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HGLM PowerPoint Presentation

HGLM

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HGLM

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  1. HGLM

  2. HGLM • It really is little more than the combination of GLM and HLM • Example • Estimating the probability of voting • Data: Cumulative NES file (24 NESs)

  3. Data • Micro level variables: • Partisan strength • Education • Age • White • Income

  4. Data • Macro level • Random term • Presidential election

  5. R command • It is a hybrid of GLM and lmer M1<-lmer(y~x1+x2+x3+x4+x5+(1|year), family=binomial(link="logit"))

  6. Results Generalized linear mixed model fit using Laplace Formula: y ~ x1 + x2 + x3 + x4 + x5 + (1 | year) Family: binomial(logit link) AIC BIC logLik deviance 40427 40486 -20206 40413 Random effects: Groups Name Variance Std.Dev. year (Intercept) 0.243 0.493 number of obs: 36752, groups: year, 24 Estimated scale (compare to 1 ) 1 Fixed effects: Estimate Std. Error z value Pr(>|z|) (Intercept) 3.582592 0.122241 29.3 < 2e-16 *** x1 -0.363597 0.012498 -29.1 < 2e-16 *** x2 -0.294791 0.008584 -34.3 < 2e-16 *** x3 -0.027922 0.000802 -34.8 < 2e-16 *** x4 -0.206562 0.032863 -6.3 3.3e-10 *** x5 -0.317875 0.012053 -26.4 < 2e-16 ***

  7. Add a year level variable • Note the standard deviation of the random term is 0.493

  8. Results Generalized linear mixed model fit using Laplace Formula: y ~ x1 + x2 + x3 + x4 + x5 + z + (1 | year) Family: binomial(logit link) AIC BIC logLik deviance 40391 40459 -20187 40375 Random effects: Groups Name Variance Std.Dev. year (Intercept) 0.0451 0.212 number of obs: 36752, groups: year, 24 Estimated scale (compare to 1 ) 1 Fixed effects: Estimate Std. Error z value Pr(>|z|) (Intercept) 4.062479 0.096465 42.1 < 2e-16 *** x1 -0.364464 0.012496 -29.2 < 2e-16 *** x2 -0.291768 0.008535 -34.2 < 2e-16 *** x3 -0.027870 0.000802 -34.8 < 2e-16 *** x4 -0.213119 0.032828 -6.5 8.5e-11 *** x5 -0.319210 0.012050 -26.5 < 2e-16 *** z -0.885312 0.090501 -9.8 < 2e-16 ***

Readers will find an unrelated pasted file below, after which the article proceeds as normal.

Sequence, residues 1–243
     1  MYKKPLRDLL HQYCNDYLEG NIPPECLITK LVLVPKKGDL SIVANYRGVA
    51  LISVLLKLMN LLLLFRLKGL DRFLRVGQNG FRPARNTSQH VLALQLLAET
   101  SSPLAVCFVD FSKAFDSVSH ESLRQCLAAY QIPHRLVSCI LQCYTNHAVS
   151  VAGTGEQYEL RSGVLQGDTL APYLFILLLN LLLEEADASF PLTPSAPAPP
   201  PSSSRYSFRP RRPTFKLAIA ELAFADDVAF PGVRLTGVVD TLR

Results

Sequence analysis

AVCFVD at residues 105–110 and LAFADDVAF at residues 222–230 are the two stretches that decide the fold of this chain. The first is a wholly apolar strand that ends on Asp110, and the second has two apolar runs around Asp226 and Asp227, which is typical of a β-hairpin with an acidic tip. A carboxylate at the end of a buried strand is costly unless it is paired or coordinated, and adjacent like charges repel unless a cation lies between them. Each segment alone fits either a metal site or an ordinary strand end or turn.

9. Results • Adding the indicator of whether or not it is a presidential election year soaks up a lot of the mean level variance • Do we still need the random term? • Remember—this is a nuisance term. It is there to account for what we do not specify in the intercept equation. • Test is a deviance test • Difference in deviance is 183—yes we need it.

  10. Add a random slope • We want to see if we need random slopes • Start with a random slope for x1 • M3<-lmer (y~x1+x2+x3+x4+x5+z+(1+x1|year), family=binomial(link="logit"))

  11. Results Generalized linear mixed model fit using Laplace Formula: y ~ x1 + x2 + x3 + x4 + x5 + z + (1 + x1 | year) Family: binomial(logit link) AIC BIC logLik deviance 40023 40108 -20002 40003 Random effects: Groups Name Variance Std.Dev. Corr year (Intercept) 0.4595 0.678 x1 0.0543 0.233 -0.951 number of obs: 36752, groups: year, 24 Estimated scale (compare to 1 ) 1 Fixed effects: Estimate Std. Error z value Pr(>|z|) (Intercept) 4.16969 0.16339 25.5 < 2e-16 *** x1 -0.38179 0.04930 -7.7 9.7e-15 *** x2 -0.29784 0.00861 -34.6 < 2e-16 *** x3 -0.02845 0.00081 -35.1 < 2e-16 *** x4 -0.21587 0.03314 -6.5 7.3e-11 *** x5 -0.32396 0.01213 -26.7 < 2e-16 *** z -0.89406 0.08948 -10.0 < 2e-16 ***

  12. Results • Ok, first that correlation is really high • Why? What is the intercept? • When all the x’s equal zero. • But none of the x’s are ever zero • The data are not centered • So, subtract off the median